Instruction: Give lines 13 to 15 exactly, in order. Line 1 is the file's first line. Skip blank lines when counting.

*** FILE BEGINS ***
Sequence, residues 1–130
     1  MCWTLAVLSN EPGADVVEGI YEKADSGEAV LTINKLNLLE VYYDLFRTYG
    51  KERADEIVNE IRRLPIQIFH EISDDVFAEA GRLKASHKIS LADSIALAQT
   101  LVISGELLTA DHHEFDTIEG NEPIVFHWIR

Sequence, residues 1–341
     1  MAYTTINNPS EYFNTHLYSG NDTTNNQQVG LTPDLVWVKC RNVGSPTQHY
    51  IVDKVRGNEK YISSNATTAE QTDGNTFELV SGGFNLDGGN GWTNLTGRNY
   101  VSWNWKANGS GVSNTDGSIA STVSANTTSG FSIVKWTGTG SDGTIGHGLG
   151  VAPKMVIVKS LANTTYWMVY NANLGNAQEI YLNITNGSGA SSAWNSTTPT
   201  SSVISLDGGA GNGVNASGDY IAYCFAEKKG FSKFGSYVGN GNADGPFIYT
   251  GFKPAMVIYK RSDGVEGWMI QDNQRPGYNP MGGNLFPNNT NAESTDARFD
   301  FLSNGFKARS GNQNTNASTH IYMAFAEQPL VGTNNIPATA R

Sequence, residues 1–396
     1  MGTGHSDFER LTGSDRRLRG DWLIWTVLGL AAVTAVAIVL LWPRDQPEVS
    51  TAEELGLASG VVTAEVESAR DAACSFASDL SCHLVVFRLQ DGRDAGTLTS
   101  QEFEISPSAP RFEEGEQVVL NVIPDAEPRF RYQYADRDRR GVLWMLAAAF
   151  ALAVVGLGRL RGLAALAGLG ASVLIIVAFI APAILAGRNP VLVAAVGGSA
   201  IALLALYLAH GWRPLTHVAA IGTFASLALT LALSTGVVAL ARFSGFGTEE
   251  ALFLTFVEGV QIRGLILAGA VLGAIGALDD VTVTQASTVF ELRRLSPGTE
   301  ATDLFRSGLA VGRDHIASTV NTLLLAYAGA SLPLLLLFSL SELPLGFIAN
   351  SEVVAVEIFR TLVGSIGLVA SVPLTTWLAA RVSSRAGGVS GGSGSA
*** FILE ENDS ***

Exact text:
Sequence, residues 1–396
     1  MGTGHSDFER LTGSDRRLRG DWLIWTVLGL AAVTAVAIVL LWPRDQPEVS
    51  TAEELGLASG VVTAEVESAR DAACSFASDL SCHLVVFRLQ DGRDAGTLTS